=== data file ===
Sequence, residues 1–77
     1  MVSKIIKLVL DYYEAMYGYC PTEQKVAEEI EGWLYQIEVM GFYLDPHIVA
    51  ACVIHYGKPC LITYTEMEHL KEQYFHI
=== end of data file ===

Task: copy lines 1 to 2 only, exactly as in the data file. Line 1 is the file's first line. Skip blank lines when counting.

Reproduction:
Sequence, residues 1–77
     1  MVSKIIKLVL DYYEAMYGYC PTEQKVAEEI EGWLYQIEVM GFYLDPHIVA